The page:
Abergeldie has recently completed construction of the deepest blind bored vent shaft yet built in Australia. The shaft, bored for a mine in the Southern Coalfields of NSW, reached its target depth of 517m late in 2014.
The 6.2m drilled, 5m finished diameter shaft was blind bored through varying clay and mudstone bands, inter-bedded between very hard sandstone bands in the lower sections of strata.
“We are extremely proud of this latest shaft. Its depth and diameter combined make it the largest shaft Abergeldie or any other Australian company have blind bored,” explains Abergeldie’s Managing Director, Mick Boyle.
“We’re always looking at ways to drill deeper and wider. We design and build all of our own drill rigs and have enhanced them quite considerably over the years to enable larger and deeper shafts to be constructed. In 2009, our deepest shaft to date was 360m deep at 4.25m drilled diameter and our widest drilled diameter was 5.9m at a depth of 260m. To achieve 517m at 6.2m drilled diameter is a credit to our dedicated drilling team and to the design of our rigs,” says Boyle.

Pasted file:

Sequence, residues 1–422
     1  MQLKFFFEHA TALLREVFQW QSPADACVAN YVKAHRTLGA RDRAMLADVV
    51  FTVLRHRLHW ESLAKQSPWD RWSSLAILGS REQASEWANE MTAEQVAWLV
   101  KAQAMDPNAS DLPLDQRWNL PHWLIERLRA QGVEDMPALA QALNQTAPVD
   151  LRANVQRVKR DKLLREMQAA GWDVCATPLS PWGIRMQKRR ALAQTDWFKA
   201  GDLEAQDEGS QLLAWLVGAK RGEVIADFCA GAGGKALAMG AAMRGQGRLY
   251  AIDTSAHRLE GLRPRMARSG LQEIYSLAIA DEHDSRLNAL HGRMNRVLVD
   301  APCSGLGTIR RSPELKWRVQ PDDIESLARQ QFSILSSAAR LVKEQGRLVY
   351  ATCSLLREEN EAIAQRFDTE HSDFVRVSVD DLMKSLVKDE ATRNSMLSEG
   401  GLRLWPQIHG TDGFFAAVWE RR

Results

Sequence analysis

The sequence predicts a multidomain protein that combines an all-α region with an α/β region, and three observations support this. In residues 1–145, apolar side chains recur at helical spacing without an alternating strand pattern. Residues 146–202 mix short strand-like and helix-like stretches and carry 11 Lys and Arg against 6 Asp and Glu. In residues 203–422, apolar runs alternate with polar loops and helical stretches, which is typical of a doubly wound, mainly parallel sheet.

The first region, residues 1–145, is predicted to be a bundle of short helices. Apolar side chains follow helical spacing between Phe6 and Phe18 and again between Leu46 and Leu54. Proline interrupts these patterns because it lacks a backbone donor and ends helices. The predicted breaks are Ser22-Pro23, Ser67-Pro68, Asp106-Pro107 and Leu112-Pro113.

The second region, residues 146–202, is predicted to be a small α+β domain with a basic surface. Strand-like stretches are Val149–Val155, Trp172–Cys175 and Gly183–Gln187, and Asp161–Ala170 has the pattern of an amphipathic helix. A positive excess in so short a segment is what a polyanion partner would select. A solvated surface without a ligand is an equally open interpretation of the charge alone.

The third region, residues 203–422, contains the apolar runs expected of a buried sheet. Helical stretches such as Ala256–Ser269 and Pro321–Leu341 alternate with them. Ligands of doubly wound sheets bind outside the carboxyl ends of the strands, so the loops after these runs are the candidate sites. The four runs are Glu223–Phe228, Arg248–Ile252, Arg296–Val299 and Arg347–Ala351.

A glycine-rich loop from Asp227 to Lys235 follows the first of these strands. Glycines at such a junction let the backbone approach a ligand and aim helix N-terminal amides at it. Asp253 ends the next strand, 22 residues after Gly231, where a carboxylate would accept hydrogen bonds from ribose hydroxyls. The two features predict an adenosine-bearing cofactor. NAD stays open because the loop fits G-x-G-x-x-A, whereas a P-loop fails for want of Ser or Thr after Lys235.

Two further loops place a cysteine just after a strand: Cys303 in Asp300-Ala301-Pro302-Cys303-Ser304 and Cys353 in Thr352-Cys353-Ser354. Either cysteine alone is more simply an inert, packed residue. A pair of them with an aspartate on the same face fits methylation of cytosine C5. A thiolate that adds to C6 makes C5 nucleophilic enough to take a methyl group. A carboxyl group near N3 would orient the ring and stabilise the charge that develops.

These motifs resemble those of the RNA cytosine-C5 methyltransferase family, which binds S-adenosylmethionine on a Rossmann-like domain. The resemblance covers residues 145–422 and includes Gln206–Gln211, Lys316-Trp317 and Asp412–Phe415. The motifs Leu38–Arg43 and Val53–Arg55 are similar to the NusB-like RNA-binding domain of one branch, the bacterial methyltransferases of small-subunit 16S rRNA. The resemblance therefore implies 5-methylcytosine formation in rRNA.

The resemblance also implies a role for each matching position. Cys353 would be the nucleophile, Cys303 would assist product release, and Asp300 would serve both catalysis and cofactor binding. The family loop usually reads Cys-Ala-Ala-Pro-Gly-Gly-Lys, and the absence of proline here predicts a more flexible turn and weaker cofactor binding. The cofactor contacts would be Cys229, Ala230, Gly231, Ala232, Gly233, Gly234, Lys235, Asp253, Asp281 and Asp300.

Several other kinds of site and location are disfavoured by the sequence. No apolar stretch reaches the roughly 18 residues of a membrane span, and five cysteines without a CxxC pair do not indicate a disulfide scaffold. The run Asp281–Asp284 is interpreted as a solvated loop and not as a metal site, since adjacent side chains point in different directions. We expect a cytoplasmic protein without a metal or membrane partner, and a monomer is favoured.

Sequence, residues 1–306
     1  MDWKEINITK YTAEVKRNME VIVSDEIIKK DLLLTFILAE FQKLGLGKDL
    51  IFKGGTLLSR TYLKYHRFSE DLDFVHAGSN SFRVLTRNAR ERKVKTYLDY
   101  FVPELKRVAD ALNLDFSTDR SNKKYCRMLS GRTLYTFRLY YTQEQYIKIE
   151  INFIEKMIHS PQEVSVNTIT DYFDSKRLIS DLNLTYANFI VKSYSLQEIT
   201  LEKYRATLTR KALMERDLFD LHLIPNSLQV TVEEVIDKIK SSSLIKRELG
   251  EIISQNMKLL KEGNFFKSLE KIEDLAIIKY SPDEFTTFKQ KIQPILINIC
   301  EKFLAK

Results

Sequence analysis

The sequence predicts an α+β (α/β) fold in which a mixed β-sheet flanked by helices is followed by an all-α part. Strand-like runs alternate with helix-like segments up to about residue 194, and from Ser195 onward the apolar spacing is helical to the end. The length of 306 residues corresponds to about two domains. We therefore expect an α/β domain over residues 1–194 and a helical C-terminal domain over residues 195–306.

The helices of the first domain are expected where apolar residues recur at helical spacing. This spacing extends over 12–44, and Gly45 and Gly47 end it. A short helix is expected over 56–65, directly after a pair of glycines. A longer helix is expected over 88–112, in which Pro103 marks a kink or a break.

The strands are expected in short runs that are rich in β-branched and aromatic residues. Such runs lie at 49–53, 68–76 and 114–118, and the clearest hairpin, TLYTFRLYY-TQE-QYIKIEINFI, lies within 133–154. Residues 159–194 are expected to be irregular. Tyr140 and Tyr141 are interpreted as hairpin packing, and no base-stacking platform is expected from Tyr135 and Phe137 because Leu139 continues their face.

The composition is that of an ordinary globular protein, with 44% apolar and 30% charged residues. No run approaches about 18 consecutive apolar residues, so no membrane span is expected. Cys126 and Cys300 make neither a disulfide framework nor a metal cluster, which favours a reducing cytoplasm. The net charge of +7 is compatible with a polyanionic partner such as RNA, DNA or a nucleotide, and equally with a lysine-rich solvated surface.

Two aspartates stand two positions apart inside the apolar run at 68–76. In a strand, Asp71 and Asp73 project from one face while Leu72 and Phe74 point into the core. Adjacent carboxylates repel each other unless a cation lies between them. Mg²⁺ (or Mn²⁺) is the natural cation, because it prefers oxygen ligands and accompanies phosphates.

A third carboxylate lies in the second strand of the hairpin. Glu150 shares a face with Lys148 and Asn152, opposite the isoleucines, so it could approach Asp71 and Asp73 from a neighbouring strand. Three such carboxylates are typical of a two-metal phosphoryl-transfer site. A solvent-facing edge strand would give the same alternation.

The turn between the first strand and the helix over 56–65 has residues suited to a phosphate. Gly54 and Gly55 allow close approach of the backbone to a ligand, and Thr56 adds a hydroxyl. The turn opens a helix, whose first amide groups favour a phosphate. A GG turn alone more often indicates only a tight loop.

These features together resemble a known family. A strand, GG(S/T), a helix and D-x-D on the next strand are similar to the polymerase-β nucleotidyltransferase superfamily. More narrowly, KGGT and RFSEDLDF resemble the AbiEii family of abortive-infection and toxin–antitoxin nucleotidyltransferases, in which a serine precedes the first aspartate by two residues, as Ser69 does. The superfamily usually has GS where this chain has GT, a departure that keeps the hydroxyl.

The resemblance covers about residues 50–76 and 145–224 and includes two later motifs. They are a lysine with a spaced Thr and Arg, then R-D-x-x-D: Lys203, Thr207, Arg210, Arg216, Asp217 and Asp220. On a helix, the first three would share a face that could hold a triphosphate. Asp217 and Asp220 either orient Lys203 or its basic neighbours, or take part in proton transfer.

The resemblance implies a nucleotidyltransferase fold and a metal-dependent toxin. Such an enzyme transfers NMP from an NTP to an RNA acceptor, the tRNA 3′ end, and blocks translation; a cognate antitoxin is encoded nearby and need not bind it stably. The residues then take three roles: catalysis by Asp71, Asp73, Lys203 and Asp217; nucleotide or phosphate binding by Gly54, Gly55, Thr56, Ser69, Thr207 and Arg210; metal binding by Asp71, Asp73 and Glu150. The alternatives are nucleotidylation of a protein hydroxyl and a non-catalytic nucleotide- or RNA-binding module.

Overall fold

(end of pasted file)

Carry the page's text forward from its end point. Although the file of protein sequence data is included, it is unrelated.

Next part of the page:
“As with every project, this latest shaft has had its challenges. The project team had to develop new methodologies to deal with the specific strata conditions encountered.”
Lining of the shaft took little more than a month, with crews working around the clock to see the 170 composite steel/concrete liners sections – each 3m deep and weighing almost 50t – installed to make a hydrostatically sealed shaft at 5m finished diameter.
Download the free project case study to find out more on how the project was completed.